So far as I know, my mother did not keep a journal of my daily progress during my early months, but I do know that I was well wrapped up  and put out in the fresh air very early on, just like the young Prince.  And as to what he was fed, I will compare the Nanny’s record with that of my grandmother a generation previous.  I blogged about this a while ago so I will look it up and come back with that comparison. 

Another parallel is that the young Prince married in 1968, the same year Ian and I were married.   I wonder if he and his wife followed Dr. Spock as Ian and I did with our infants.

In 1991, at the age of 54  Young Harald ascended the throne.  Now as the reigning monarch among the last of European royalty, I assume the Prince, now King and his Queen have been invited to the upcoming Royal Wedding of Prince William and Kate, a commoner, like the Queen of Norway.


Thinking of Things Irish February 14, 2011


In sorting through some of my postcards this morning, I came across this one of the Zetland Hotel, overlooking Cashel Bay in Connemara, Ireland.  The Zetland Hotel is where relatively new husband Ian and I spent a lovely weekend in December 1968, only a few months   after we had moved there from Kenya.  It was such a treat to find this hotel.  We had a very spacious room, reminiscent of the rooms in the old hotels in Kenya, particularly the Outspan Hotel in Nyeri, where we spent part of our honeymoon.   Since our honeymoon incorporated Valentine’s Day 1968, in a convoluted way that makes this a good card to post on Valentine’s Day – yes it’s still Valentine’s Day here in Seattle, even though it’s almost over in Ireland, 8 hours ahead of us.

The Zetland Hotel is still there in Cashel Connemara.  A very popular spot.  What struck me then in 1968 when I was a newcomer to Ireland, were the lovely peat fires and the friendliness and casualness of the hospitality.  And I particularly remember the open door to the office and the huge pile of money just sitting there on the desk.  I could hardly believe it, particularly coming from Kenya, or anywhere, where such a trusting situation would not have occurred.

The other memory from that hotel was the bright full moon, a clear crisp night, and daylight not until about 10 a.m.  This was December and  my birthday weekend so I have a few anchors there to pinpoint the Zetland in my memory.

A few years later French President De Gaulle came to Ireland and he too stayed at the Zetland.  I wonder if he had that nice front room that we had occupied.

A bit of postal history also from that card.  I like the address to which it was sent.  Roger Casement Street in Cavan.  I can’t make out the postmark.  Maybe my friend Maire can help me here. It looks like CONAGA…..I can’t make out the rest.  The website showing the Irish names for places in that part of Connemara doesn’t have anything resembling that.   But the stamp – the green 2 penny stamp – the first stamp issued by the new independent country the Irish Free State, 1922.  Note that the stamp shows the entire island of Ireland.  The North of Ireland was not officially recognized as being a separate entity.    A lot of history lies behind the design of that stamp!  A history I might add that is very complicated and I still have much to learn in trying to understand it.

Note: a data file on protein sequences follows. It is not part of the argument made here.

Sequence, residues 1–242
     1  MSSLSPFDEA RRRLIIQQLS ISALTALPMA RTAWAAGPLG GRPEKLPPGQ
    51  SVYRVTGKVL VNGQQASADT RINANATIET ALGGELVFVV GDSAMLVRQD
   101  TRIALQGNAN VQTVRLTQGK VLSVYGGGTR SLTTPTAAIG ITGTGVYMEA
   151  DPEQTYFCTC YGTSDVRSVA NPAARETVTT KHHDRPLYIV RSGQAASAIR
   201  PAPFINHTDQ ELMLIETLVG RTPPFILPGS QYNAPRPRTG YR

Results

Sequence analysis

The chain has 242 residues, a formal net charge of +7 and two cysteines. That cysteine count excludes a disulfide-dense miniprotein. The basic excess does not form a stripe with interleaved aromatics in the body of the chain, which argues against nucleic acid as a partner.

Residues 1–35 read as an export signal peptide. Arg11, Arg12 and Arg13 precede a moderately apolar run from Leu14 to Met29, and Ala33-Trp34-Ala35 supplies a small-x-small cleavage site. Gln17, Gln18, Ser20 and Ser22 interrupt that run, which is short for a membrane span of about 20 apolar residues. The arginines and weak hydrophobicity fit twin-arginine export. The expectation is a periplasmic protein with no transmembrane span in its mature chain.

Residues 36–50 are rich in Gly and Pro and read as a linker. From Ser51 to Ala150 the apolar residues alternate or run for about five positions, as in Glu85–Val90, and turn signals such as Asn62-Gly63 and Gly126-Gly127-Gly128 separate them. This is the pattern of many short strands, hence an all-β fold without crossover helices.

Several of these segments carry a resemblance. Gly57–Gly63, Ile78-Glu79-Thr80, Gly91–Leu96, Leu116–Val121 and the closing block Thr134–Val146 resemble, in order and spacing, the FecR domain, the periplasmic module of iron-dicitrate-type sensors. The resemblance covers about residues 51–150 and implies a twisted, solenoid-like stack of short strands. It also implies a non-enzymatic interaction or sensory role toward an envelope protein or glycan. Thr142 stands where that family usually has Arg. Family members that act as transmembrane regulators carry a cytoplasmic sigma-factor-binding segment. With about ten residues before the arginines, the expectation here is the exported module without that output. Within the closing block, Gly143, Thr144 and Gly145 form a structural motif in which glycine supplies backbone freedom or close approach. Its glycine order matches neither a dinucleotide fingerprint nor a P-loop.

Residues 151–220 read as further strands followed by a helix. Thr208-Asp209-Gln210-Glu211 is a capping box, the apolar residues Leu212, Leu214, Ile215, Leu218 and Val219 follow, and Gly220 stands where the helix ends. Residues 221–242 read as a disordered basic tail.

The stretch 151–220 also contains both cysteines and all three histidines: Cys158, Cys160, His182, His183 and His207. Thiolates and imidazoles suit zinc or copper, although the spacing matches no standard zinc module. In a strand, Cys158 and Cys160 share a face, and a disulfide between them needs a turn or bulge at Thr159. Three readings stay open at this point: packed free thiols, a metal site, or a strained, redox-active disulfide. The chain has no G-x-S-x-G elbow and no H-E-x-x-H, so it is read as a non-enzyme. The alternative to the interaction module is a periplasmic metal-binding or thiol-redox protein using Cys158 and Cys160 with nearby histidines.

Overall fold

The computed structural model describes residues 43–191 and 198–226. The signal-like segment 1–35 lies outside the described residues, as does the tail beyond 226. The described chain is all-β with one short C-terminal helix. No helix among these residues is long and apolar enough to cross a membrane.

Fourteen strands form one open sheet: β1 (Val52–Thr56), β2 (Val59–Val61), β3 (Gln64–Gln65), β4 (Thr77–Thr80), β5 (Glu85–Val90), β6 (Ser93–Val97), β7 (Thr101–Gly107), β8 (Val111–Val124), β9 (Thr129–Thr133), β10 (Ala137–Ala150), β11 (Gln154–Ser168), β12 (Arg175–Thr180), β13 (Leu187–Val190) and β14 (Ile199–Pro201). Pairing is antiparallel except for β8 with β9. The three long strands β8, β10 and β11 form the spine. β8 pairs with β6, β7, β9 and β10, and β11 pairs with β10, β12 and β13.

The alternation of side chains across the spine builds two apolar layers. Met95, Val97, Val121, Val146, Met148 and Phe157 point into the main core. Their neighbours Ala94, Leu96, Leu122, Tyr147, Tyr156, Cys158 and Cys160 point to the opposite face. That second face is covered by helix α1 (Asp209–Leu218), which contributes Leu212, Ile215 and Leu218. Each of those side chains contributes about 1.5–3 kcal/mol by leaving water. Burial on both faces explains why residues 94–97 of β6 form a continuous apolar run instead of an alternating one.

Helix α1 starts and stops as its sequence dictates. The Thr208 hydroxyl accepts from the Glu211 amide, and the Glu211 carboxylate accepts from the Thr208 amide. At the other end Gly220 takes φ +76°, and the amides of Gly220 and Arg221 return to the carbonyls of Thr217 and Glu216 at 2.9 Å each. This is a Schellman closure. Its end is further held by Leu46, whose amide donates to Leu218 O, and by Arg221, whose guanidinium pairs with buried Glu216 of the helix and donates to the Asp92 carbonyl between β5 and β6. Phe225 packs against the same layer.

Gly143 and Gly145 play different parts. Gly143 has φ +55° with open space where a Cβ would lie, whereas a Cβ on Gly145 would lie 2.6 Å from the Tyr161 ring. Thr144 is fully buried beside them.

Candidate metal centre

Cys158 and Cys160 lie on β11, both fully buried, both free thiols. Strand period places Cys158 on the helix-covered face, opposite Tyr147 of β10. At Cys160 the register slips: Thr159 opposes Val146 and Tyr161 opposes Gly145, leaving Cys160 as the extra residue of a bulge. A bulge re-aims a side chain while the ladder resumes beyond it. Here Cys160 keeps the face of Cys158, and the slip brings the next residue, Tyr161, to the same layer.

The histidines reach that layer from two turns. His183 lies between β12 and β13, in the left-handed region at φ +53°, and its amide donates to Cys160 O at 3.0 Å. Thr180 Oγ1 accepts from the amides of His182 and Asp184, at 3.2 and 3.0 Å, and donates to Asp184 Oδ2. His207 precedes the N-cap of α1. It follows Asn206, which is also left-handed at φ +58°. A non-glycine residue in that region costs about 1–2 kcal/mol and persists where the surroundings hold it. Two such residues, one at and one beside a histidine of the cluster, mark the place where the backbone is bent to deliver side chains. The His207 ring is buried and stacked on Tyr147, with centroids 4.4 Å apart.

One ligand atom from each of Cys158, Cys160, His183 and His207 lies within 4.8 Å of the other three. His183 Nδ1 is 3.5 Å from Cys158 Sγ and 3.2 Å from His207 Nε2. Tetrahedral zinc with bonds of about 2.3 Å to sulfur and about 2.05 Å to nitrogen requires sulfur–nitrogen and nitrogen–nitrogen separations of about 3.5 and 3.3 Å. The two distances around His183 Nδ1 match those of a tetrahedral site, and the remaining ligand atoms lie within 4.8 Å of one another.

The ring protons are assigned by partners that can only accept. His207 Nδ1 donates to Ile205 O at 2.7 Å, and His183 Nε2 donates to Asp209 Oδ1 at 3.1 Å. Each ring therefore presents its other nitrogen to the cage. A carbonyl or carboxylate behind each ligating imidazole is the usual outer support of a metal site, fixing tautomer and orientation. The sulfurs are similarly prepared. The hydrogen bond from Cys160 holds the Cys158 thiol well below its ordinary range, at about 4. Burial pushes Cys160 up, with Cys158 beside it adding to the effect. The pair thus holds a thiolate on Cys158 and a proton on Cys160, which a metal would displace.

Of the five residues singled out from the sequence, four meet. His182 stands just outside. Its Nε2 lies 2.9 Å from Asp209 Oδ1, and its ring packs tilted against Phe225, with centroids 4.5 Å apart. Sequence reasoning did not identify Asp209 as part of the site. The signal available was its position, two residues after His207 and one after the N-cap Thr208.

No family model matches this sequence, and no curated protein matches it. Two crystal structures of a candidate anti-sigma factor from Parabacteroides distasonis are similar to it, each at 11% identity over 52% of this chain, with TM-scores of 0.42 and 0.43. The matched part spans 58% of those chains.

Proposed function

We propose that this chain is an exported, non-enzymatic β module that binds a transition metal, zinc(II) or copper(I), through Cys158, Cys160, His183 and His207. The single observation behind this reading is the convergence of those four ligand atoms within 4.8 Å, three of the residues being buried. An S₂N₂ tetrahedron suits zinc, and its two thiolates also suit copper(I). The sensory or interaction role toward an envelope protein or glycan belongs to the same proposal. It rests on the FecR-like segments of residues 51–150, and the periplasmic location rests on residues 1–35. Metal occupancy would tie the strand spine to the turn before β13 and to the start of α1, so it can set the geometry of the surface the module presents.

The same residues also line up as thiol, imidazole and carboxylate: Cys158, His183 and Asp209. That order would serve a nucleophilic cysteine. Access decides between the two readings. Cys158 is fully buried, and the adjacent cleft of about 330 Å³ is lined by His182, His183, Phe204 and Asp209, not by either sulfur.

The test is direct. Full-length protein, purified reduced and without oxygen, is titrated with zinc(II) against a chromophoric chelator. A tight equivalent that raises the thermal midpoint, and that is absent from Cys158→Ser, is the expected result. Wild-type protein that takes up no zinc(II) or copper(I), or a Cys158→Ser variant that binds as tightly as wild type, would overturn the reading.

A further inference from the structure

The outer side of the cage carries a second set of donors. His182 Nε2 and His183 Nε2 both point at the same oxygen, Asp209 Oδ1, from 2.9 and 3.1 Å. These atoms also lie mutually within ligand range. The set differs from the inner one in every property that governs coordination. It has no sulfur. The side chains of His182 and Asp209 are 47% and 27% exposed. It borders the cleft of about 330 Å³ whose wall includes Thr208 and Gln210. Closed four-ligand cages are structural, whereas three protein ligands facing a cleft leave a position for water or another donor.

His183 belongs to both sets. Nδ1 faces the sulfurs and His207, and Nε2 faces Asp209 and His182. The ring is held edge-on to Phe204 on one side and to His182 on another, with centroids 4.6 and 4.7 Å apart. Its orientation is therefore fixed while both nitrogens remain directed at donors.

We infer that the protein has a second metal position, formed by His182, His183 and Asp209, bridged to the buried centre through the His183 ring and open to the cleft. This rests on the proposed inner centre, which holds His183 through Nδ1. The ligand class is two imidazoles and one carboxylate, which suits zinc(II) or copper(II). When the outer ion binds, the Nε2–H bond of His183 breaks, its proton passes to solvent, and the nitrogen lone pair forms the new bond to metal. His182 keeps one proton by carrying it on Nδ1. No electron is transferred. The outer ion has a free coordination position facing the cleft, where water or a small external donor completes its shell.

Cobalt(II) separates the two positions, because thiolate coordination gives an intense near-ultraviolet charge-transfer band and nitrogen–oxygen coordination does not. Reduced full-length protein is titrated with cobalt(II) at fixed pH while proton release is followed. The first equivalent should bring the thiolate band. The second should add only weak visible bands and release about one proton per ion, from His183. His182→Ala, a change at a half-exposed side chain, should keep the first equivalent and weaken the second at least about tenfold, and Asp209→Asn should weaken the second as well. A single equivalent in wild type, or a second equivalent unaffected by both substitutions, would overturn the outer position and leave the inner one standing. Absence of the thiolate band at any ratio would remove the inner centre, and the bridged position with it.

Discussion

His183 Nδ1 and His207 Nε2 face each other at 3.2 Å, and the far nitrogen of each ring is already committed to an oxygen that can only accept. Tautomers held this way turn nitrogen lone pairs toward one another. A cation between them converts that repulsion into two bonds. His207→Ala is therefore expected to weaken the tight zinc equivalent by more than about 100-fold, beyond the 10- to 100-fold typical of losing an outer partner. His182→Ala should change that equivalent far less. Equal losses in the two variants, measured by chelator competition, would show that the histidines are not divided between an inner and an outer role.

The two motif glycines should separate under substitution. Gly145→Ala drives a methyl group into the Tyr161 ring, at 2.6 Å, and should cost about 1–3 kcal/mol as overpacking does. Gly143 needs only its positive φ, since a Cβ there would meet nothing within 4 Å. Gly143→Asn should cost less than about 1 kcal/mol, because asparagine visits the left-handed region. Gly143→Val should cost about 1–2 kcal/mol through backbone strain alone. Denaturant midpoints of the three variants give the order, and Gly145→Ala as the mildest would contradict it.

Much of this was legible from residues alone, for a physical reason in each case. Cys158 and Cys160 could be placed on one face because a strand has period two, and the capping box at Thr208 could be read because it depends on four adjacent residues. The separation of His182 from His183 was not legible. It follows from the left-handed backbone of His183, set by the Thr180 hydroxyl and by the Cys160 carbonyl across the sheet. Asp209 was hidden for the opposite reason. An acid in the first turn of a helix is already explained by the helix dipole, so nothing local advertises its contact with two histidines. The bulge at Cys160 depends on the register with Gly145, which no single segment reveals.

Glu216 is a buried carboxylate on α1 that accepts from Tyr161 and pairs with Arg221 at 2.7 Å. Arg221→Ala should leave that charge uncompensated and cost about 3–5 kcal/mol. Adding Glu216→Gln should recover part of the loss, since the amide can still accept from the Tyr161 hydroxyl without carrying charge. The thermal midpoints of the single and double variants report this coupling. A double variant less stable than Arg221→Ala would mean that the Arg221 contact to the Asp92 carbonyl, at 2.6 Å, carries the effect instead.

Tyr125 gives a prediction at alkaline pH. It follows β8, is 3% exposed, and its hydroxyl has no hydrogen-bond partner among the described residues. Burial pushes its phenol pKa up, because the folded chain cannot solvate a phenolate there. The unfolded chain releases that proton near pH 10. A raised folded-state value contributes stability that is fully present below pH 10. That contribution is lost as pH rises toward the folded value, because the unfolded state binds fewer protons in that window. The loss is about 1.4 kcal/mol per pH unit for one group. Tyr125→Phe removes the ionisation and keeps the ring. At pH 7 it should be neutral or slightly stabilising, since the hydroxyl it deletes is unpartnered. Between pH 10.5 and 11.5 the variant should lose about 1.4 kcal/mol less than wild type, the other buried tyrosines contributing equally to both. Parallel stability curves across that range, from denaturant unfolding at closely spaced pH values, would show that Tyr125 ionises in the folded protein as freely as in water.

Social Networking Time Warp January 30, 2011

Filed under: Family,Family history,Famous people,Memoirs,Memories — Janet @ 9:10 pm

In my Belmont High School Class of 1954 “chat room”, if you can call it that, a number of us have been sharing memories of our school days and classmates and our parents as they then were.  We were very fortunate in Belmont in that we were a sort of dormitory suburb for numerous faculty members of Harvard and MIT.  There were several quite famous people in our midst and we in our innocent youth didn’t even realize this.  Now that we have reached the age and are well beyond the ages that our parents were then, we are getting quite nostalgic in looking back.  One such famous professor was Harold Edgerton, known as Doc Edgerton at MIT.  Now, thanks to the internet and google,  I can find out more about him and his family and read many moving tributes to him and reviews of his many accomplishments.    He was a good-natured friend to all – but to me, and many of us, he was the parent who came and watched our sports activities.

A few years ago when I was in London and either being a tourist or visiting family or attending a meeting, or some combination of the above, I was wandering about in the Victoria and Albert Museum and I just about fainted in the photography section.  There was a photo on the wall – a photo with the caption Harold Edgerton, a photo of his daughter skipping rope, date 1940.  Although I knew he was famous for discovering how to capture split-second moments in speed photography, I still was not expecting to find this memory reminder there on the walls of the Victoria and Albert Museum in London.  After all, my association with the family was in 1940’s Boston/Cambridge/Belmont.  It was many years since I had left Belmont and/or thought about the Edgertons.

Now for the present.  My memory of his son closest to me in age. was fixed in time for say the 1950’s.  Now I find on Facebook, yes the famous Facebook bandwagon that everyone is joining, that this son is a member – and lo and behold at age 75 he is the image of his father.  My image of the father now comes up on the screen as the image of the son.  It was uncanny.

As a footnote, I’ll say that at my 50th reunion from high school, a classmate that I knew from kindergarten but hadn’t seen for maybe 35 years, exclaimed “you look just like your mother”.  So I guess the genes are there and that’s the way it is.  If you want to know what you are going to look like in 50 years, just look at your parents or photographs thereof.